In the Cyberpunk universe, it doesn’t so much matter what you do, as long as you look good doing it. Your appearance carries a lot of weight, and will impact how people perceive you and your capabilities. I assume Cyberpunk 2077 is going to function similarly. You can never get a second chance for a first impression, my friends. As we’ve already discussed, your ride can be a big part of it, but what comes out of the car is way, way more important.
The “2077 In Style” trailer revolves around four major styles prevalent in Night City – Kitsch, Entropism, Neomilitarism and Neokitsch. So, let’s go through them all briefly, shall we? First off, Kitsch, the tagline of which is “Style over substance.” This is what most of us imagine when we think “cyberpunk.” You know, the brightly-colored hair, eye-watering clothes, neon everywhere, sleek implants that are form and not just bare function. You do need some means to look like this. It’s as classic a fiction look as it gets this side of steampunk.
Next up, we have Entropism, which is a style that, I think, is closer to the gritty reality of Night City. It embodies necessity over style, and originates during and just after the corporate wars that left many people destitute. The clothes you wear if you choose Entropism serve mostly just to cover your naughty bits and for pockets, not much more beyond that. Similar situation with the implants – very little pizzazz to be found, they are there for a purpose, and if they look cool, that’s just a bonus, not a feature.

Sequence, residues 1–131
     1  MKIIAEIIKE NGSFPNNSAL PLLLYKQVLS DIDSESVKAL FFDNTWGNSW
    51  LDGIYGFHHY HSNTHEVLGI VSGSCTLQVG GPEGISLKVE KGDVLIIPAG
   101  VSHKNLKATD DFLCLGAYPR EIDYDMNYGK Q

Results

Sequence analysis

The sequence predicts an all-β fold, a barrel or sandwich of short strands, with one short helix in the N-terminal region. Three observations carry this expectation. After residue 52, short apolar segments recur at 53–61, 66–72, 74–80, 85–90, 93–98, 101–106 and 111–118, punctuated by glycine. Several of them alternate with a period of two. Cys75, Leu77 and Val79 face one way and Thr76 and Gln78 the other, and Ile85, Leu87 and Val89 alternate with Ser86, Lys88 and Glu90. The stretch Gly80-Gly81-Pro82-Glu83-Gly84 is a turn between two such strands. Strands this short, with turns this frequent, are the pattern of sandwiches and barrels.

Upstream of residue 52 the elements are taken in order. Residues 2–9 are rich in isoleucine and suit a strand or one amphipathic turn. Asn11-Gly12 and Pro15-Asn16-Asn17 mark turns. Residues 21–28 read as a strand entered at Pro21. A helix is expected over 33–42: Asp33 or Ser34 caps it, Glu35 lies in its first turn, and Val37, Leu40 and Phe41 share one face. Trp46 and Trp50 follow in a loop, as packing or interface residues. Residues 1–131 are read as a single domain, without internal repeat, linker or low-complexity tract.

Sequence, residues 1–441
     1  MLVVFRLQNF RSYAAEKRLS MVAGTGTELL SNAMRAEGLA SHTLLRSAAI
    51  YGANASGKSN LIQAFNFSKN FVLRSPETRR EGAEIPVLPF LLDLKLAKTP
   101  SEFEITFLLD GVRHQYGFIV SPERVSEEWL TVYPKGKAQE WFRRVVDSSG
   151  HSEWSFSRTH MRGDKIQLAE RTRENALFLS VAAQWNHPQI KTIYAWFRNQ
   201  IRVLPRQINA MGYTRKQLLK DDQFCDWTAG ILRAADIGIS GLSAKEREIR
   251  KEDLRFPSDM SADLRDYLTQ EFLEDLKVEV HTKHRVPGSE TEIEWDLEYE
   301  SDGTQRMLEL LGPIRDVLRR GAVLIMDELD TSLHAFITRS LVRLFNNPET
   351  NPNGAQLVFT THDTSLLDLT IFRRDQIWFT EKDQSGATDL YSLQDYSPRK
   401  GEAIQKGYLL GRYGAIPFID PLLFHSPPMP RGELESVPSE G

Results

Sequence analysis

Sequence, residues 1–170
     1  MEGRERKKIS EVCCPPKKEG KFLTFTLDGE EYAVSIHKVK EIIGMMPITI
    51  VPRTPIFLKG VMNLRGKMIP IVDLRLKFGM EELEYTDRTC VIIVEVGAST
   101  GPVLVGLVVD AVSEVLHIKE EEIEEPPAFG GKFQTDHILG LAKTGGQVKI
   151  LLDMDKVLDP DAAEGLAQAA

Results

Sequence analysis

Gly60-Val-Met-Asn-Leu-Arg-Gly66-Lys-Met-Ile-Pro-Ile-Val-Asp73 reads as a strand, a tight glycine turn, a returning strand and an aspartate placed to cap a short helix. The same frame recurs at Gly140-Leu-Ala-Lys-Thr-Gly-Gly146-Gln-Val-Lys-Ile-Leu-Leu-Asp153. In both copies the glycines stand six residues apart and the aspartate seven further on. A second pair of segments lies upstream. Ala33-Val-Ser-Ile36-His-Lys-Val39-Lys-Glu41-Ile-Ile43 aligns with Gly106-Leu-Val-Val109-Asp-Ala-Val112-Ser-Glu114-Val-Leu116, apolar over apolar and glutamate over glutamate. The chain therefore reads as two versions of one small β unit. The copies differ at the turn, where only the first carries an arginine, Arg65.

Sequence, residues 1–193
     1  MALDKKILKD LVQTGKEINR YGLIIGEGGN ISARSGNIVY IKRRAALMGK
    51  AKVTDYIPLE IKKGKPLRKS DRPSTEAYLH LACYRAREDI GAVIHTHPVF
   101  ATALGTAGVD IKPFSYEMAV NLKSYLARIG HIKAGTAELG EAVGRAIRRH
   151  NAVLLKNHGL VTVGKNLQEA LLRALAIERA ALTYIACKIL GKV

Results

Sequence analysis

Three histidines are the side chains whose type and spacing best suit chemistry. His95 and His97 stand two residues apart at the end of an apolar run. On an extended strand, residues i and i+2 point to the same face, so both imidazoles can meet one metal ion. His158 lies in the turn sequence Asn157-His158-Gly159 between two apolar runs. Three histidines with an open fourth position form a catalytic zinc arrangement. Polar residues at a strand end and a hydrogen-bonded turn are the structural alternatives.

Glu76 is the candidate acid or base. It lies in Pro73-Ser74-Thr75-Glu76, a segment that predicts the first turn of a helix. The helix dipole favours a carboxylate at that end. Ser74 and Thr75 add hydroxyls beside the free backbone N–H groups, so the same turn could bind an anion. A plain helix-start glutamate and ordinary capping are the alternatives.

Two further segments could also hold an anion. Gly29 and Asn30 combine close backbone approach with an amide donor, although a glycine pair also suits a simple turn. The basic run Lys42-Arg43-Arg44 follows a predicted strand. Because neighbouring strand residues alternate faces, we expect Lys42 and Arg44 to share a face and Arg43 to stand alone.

Then, there’s Neomilitarism, which lies in the cross-section of corporate elegance and the sleekness of future military equipment. Substance over style, if you will. The clothes are simple, but that certainly doesn’t mean cheap, quite the opposite, much like the implants. They seem like they’re barely there, but they most certainly are. Neomilitarism is basically about flashing your money but only to those that are in the know like you. And, of course, projecting power in a subtle, menacing way.
Last, and in my opinion certainly the least, we have Neokitsch. It’s like Kitsch, but for the richies. Street fashion, but on a budget of a movie star or rap god or what-have-you. You know, like Kylie Jenner wearing a Slayer T-shirt. Neokitsch is for corporate brats rebelling against their caretakers until they settle into their corporate job a few years later, or the equivalent. That’s where you get those glitzy cyborg people that are all gleaming chrome. It looks cool, to be sure, but lacks the soul, if you ask me.